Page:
Telegram, the messaging app that prides itself to be among the largest privacy-focused platforms of its kind, has suffered a cyberattack that leaked information belonging to millions of its users.
According to reports, a database containing the user data was posted on a dark web forum – with a Russian-language media outfit reporting the case that has sent massive ripples across the tech world.
The leaked database, which is 900 MB in size, comprises user cellphone numbers and unique Telegram IDs.
Significant Amount of Data Is Mostly Outdated
In response to the data breach, Telegram has come out to confirm reports about the leaked user data – maintaining that all phone-based apps are normally at risk to this form of data breach. It turns out that the database was acquired after threat actors managed to exploit Telegram’s built-in contacts import feature that functions at user registration.
The cloud-based instant messaging app intimated that a significant proportion of the leaked data is outdated. Telegram’s account noted that 84 percent of the data borne in the stolen database had been harvested before mid-2019. Effectively, about 60 percent of the data entries affected by the cyberattack is deemed outdated.
In addition, Telegram reported that 70 percent of the leaked accounts had Iranian origins, with the remaining proportion accounting for those that came from Russia.
While speaking to Cointelegraph, Telegram’s spokesperson commented on the cyberattack by highlighting the common nature of the vulnerability across the contact-based messaging industry. According to him, the vulnerability is a significant challenge even for Telegram’s largest competitor WhatsApp.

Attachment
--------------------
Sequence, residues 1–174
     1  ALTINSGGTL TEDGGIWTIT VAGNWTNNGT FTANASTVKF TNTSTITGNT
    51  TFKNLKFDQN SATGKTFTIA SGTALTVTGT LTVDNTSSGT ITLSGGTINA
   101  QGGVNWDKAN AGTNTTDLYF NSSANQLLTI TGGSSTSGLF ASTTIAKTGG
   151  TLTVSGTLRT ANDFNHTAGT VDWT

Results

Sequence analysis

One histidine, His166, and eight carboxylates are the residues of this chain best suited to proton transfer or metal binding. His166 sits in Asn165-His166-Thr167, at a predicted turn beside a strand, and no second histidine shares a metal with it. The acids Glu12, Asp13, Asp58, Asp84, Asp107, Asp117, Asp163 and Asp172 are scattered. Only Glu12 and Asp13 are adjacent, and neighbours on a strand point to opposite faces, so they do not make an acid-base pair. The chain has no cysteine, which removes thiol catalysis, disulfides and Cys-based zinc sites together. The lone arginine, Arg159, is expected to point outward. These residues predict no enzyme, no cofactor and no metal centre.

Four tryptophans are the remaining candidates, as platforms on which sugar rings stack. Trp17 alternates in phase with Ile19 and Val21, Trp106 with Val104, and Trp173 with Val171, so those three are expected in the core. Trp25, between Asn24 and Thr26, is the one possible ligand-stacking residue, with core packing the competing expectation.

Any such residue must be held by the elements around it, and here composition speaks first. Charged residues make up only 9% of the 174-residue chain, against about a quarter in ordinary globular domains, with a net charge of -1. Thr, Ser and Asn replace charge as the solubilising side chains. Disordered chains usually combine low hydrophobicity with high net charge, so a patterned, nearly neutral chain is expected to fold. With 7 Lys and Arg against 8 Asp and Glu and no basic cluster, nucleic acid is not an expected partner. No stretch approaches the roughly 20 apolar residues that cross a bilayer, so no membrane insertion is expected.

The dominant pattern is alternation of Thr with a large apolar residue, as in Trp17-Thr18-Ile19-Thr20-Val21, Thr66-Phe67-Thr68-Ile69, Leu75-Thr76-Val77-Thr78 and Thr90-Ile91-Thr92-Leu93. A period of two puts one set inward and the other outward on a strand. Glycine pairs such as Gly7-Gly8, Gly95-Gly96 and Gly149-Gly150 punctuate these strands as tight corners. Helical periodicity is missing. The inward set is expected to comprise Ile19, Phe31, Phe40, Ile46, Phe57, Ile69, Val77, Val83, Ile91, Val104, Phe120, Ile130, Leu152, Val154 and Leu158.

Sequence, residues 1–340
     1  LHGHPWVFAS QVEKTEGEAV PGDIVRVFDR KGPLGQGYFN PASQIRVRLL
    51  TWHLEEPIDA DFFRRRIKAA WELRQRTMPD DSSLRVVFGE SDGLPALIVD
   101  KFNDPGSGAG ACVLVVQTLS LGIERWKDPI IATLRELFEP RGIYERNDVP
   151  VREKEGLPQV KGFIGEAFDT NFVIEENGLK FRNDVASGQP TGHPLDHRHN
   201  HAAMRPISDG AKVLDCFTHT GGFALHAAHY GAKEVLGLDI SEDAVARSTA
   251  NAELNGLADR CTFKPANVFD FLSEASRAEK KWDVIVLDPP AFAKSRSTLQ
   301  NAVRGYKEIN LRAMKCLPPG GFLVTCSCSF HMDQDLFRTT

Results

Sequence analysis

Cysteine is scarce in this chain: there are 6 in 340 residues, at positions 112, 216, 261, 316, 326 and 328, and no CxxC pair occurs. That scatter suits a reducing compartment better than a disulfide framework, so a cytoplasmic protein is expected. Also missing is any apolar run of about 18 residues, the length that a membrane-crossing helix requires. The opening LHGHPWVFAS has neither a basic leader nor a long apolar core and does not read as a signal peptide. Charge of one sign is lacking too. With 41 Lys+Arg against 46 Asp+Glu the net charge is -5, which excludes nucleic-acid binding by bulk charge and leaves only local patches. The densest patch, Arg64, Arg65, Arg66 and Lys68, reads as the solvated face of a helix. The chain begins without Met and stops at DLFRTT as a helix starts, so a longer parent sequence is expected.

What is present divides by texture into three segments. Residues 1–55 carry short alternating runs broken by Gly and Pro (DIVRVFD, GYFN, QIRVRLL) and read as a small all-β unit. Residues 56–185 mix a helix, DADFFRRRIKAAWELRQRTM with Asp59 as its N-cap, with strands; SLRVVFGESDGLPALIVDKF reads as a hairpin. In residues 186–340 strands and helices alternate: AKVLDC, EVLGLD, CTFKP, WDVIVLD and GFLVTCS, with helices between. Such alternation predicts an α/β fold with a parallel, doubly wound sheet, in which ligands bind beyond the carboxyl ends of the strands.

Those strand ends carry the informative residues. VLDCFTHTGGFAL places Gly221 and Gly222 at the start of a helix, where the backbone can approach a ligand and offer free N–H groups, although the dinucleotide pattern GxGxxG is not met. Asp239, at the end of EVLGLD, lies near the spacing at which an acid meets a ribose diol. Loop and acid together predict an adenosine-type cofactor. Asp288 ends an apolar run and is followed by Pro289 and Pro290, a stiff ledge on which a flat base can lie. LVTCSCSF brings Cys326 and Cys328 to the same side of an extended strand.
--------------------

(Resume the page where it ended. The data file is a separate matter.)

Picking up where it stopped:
The spokesperson insisted that the leaked database did not expose users to a high degree of damage as it only had the links between cellphone numbers and user IDs – with no evidence of hacker access to individual Telegram accounts, including the associated passwords, private messages and other forms of sensitive data.
Not the first Time
From the technical standpoint, Telegram subscribes to the standard approach of storing user data in the cloud. This means that if a hacker succeeds to gain control of the server system, they may be able to access metadata and encrypted information.
Particularly, Telegram usually asks new users for access to their contact list and goes ahead to store them on the server. This action leads to the accumulation of massive sets of social network information that may be hacked on their servers or supplied to authorities without user’s consent. This loophole is regularly exploited by cybercriminals, governments and nation-state actors to infringe on users’ privacy.
In the year 2019, during the pro-democracy campaign in Hong Kong, activists gave an alert about a technical issue that was being exploited by Chinese authorities.
Until then, Telegram had proven to be a dependable messaging platform that would be used by campaigners to pass information while avoiding interference from Chinese law enforcement.
The vulnerability was reportedly publicized on a popular Hong Kong online forum where users learnt about the bug, which targeted public access groups. The way it worked, the vulnerability would breach user privacy in groups where members had chosen to keep their cellphone numbers private.
In order to successfully expose the real identities of users, law enforcement agencies would upload thousands of phone numbers to a device and sync it with Telegram. This action would enable the authorities to match stored entries against the privately-stored numbers in a target access group before a telecommunications firm would be involved in revealing the identities of the Telegram users.
Ultimately, Telegram adjusted to the vulnerability by advancing its user privacy tools in September 2019, it introduced a new feature that enabled users to reveal their cellphone number “to nobody at all”.
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